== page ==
[0029] When a request from the called communication unit is received (404) for callback information, the message server uses the calling-party identification information and a database to determine (405) the calling-party callback information. The request may indicate what communication service the called party would like to use for the callback. In such a case, the message server uses the database to convert the calling-party information that has been stored into callback information of the type requested by the called party. The callback information determined is then sent (406) to the called communication unit, and logic flow 400 ends (407).

[0030]FIG. 5 illustrates a logic flow diagram of steps executed by a communication unit in accordance with an alternate embodiment of the present invention. Logic flow 500 begins (501) when the communication unit accesses a message server to retrieve messages and receives (502) an indication that callback information related to a message is available. The communication unit requests (503) the message server to send the callback information, possibly also indicating the type of communication service preferred for the callback. After receiving (504) the callback information, the communication unit uses the information to automatically initiate the callback.

[0031] While the present invention has been particularly shown and described with reference to particular embodiments thereof, it will be understood by those skilled in the art that various changes in form and details may be made therein without departing from the spirit and scope of the present invention.

Referenced by
Citing PatentFiling datePublication dateApplicantTitle
US7050792 *Sep 23, 2003May 23, 2006Avaya Technology Corp.Voice message notification and retrieval via mobile client devices in a communication system
US7236770 *Sep 3, 2003Jun 26, 2007Good Technology, Inc.System and method for notifying target communication devices of message reception at a message server via log file monitoring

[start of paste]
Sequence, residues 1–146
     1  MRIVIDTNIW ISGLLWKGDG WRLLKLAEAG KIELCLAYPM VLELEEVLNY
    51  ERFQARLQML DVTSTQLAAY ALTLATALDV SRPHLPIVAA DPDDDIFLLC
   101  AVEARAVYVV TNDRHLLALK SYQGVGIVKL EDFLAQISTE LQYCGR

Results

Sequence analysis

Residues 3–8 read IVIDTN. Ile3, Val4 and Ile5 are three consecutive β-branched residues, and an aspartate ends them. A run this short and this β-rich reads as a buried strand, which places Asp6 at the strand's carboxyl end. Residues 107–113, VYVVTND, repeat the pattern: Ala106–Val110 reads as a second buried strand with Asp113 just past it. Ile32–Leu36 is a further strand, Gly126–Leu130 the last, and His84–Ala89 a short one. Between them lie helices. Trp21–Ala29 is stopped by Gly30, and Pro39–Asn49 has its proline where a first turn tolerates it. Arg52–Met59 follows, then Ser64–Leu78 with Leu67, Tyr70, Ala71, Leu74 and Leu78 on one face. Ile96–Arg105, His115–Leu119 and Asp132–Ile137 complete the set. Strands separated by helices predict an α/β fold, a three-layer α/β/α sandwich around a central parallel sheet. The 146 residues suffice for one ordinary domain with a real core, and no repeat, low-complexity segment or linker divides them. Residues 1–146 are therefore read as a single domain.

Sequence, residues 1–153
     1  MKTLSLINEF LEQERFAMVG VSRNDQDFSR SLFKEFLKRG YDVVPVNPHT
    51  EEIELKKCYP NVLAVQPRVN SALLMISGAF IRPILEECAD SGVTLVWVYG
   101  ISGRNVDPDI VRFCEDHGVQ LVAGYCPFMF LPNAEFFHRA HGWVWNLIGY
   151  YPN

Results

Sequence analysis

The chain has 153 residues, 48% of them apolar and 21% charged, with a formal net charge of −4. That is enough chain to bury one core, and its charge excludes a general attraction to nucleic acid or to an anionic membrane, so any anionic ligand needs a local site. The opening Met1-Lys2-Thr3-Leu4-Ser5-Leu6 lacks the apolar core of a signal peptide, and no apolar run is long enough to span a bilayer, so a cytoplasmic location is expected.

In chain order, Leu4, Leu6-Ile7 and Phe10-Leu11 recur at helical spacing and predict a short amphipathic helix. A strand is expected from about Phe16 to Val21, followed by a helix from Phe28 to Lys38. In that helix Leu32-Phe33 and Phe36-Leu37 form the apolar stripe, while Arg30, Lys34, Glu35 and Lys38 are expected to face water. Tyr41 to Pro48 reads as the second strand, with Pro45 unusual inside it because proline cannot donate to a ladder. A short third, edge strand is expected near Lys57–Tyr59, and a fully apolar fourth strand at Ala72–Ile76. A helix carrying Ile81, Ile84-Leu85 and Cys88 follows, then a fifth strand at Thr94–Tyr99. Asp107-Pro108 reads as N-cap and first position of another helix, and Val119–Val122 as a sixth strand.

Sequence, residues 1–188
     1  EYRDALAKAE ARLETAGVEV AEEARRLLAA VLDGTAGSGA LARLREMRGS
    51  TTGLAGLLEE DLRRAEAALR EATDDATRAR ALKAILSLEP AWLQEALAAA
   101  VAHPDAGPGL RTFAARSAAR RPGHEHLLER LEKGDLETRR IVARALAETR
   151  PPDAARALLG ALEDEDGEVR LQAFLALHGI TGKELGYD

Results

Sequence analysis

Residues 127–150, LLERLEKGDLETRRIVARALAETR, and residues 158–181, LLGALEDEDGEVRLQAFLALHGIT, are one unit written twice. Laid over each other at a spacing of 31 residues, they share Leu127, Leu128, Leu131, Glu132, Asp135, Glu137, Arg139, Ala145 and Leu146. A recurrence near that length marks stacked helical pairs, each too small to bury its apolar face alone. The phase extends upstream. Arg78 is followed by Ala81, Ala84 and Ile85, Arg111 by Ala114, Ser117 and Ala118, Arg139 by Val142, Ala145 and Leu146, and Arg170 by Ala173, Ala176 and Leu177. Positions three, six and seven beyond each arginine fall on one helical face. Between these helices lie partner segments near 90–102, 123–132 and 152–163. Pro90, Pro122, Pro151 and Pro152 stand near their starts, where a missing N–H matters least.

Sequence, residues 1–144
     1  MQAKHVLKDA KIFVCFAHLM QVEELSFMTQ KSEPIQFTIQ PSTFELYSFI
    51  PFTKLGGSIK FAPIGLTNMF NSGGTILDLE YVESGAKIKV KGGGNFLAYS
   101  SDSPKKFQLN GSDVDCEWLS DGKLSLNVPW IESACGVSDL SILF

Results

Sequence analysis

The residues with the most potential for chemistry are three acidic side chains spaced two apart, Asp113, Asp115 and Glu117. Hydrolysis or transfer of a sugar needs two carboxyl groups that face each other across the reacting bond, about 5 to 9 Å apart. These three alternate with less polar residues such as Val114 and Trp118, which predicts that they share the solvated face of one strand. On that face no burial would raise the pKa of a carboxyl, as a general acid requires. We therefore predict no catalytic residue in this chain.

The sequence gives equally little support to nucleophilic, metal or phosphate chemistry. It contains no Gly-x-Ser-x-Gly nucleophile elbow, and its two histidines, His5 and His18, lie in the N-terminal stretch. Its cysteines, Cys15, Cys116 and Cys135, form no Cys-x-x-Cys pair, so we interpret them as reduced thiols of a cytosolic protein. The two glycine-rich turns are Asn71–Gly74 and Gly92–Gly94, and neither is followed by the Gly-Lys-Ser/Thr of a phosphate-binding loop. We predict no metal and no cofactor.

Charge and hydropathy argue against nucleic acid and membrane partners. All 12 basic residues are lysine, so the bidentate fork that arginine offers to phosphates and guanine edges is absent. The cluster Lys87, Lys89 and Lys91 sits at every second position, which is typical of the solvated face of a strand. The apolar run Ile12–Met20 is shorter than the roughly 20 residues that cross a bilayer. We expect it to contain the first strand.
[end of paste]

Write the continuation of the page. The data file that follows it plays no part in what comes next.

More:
US7937102Dec 22, 2005May 3, 2011Motorola Mobility, Inc.Method of operating a multi-camp mobile communication device while engaged in a call and receiving a dispatch call
US8442562 *Jul 17, 2009May 14, 2013Jeffrey C. KonicekEnd to end acknowledgment of SMS messages
US20100016002 *Jul 17, 2009Jan 21, 2010Konicek Jeffrey CEnd to End Acknowledgment of SMS Messages
DE102009006489A1 *Jan 28, 2009Jul 29, 2010Vodafone Holding GmbhVerfahren zur Weiterleitung von Sprachnachrichten als E-Mail
Classifications
U.S. Classification455/466, 455/412.1
International ClassificationH04M3/53, H04W4/00
Cooperative ClassificationH04M3/53, H04M2203/652, H04M3/53341, H04W4/00
European ClassificationH04M3/533R1, H04M3/53
Legal Events
DateCodeEventDescription
Mar 18, 2013FPAYFee payment
Year of fee payment: 8
Oct 2, 2012ASAssignment
Owner name: MOTOROLA MOBILITY LLC, ILLINOIS
Free format text: CHANGE OF NAME;ASSIGNOR:MOTOROLA MOBILITY, INC.;REEL/FRAME:029216/0282
Effective date: 20120622
Dec 13, 2010ASAssignment
Owner name: MOTOROLA MOBILITY, INC, ILLINOIS
Free format text: ASSIGNMENT OF ASSIGNORS INTEREST;ASSIGNOR:MOTOROLA, INC;REEL/FRAME:025673/0558
Effective date: 20100731
Jun 22, 2009FPAYFee payment
Year of fee payment: 4
Mar 8, 2002ASAssignment
Owner name: MOTOROLA, INC., ILLINOIS
Free format text: ASSIGNMENT OF ASSIGNORS INTEREST;ASSIGNOR:URS, KAMALA D.;REEL/FRAME:012694/0293
Effective date: 20020308